a. Define container files and build specification

This lab requires an AWS Cloud9 IDE. If you do not have an AWS Cloud9 IDE set up, complete the Prepartion section of the workshop.

In this section, you will create a Docker container for the application and a buildspec file.

  1. Open the AWS Cloud9 console.

  2. Choose open IDE for the Cloud9 instance set up previously. It may take a few moments for the IDE to open. AWS Cloud9 stops and restarts the instance so that you do not pay compute charges when no longer using the Cloud9 IDE.

  3. Create a new directory called MyDemoRepo and enter it:

mkdir MyDemoRepo
cd MyDemoRepo
pwd # should be /home/ec2-user/environment/MyDemoRepo
  1. Create our Spack build definition. You will be using Spack to build our GROMACS application inside of our container. This definition sets what software is to be built, build options, and where to install the software. You will leave most of the build values as defaults, and will select the x86_64_v3 architecture, which will build an optimized binary with AVX2 extensions. This architecture is also available in the Spack rolling binary cache which will significantly speed up our build time.
cat > ~/environment/MyDemoRepo/spack.yaml <<EOF
  - gromacs
  - osu-micro-benchmarks
      target: [ x86_64_v3 ]
    unify: true
    install_tree: /opt/software
  view: /opt/view
  1. Create a Dockerfile definition for the container. We will augment this container definition in a later step to add additional functionality that we will need. This container will include a complete OpenMPI implementation, as well as an MPI-enabled version of the GROMACS molecular dynamics application. We’re going to use the Spack-enabled Amazon Linux container provided by the Spack project to build this container.
cat > ~/environment/MyDemoRepo/Dockerfile << EOF
FROM spack/amazon-linux:v0.18.0 as build
# Add our spack.yaml file that defines our build and environment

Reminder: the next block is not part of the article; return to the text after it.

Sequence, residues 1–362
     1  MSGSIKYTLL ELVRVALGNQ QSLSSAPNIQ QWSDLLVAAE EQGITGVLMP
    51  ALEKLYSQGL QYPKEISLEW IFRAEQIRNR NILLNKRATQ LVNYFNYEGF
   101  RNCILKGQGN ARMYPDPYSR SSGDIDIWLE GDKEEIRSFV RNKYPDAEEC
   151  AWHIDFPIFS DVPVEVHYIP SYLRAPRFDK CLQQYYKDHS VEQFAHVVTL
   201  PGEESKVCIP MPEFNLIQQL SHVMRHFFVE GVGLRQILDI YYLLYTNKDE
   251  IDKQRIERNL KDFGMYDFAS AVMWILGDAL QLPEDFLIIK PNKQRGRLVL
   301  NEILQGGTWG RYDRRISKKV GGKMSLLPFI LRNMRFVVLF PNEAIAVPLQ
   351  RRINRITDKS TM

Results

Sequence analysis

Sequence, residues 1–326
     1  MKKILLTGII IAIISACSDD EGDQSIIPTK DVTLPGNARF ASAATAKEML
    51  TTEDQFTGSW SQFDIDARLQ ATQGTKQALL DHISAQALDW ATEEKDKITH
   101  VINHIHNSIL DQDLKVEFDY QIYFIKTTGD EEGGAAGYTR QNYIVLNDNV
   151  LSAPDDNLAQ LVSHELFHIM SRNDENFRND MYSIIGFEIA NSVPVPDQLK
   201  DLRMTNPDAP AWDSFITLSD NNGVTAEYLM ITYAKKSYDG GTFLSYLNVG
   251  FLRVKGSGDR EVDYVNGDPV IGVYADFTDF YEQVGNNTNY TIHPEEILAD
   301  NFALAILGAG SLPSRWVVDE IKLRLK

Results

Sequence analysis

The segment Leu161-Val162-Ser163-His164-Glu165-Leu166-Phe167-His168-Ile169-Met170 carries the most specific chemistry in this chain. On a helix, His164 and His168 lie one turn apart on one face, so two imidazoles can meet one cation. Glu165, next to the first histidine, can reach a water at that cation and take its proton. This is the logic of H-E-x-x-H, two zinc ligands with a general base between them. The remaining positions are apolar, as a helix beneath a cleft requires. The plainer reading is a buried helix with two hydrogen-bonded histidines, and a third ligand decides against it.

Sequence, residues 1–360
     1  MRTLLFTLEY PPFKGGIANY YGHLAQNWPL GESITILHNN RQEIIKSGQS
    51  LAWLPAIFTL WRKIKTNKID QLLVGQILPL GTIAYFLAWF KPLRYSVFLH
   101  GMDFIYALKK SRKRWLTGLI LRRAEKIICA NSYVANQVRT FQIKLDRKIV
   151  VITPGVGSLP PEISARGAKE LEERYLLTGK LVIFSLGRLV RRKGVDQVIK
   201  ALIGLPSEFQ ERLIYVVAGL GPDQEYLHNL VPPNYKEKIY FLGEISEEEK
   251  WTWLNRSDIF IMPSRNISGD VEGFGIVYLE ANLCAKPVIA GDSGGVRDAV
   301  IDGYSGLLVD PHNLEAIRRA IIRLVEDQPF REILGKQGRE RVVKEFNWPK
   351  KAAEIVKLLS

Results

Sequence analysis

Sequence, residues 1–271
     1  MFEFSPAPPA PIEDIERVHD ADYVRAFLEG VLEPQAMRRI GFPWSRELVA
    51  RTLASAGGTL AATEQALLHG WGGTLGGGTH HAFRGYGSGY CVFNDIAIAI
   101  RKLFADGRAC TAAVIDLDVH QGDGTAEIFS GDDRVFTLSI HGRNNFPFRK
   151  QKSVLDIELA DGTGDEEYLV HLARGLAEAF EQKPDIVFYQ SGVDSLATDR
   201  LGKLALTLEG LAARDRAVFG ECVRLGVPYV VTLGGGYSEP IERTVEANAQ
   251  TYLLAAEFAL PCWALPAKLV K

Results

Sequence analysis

ADD spack.yaml /opt/spack-environment/spack.yaml
# Set up spack env & binary cache, then build the software
RUN spack env activate -d /opt/spack-environment \
&&  spack mirror add binary_mirror https://binaries.spack.io/releases/v0.18 \
&&  spack buildcache keys --install --trust \
&&  spack install --reuse --use-cache --fail-fast \
&&  spack gc -y \
&&  spack find -v
# Create a script to activate the spack environment on load
RUN spack env activate --sh -v -d /opt/spack-environment > /etc/profile.d/z10_spack_environment.sh 
ENTRYPOINT [ "/bin/bash", "-l" ]

Before you move on to building an automated CICD pipeline, you will build and run the container and push it to an Elastic Container Registry (ECR) container repository.

  1. In the new terminal tab, create an ECR repository.

You will be using the Elastic Container repository (ECR) to store and distribute your container images once they are built. Create the repository now.

aws ecr create-repository --repository-name sc22-container

You will use the repositoryUri later to reference this repositry. Fetch and display the URI with.

export IMAGE_URI=$(aws ecr describe-repositories --repository-name sc22-container --query "repositories[0].repositoryUri" --output text)                                                                                                                                                

In the next steps, you will use automated CICD pipeline tools to build the container image and update ECR. In addition to the automation, the CICD pipeline provides a sandbox environment with the ability to limit access to AWS resources using AWS IAM while having elevated privileges.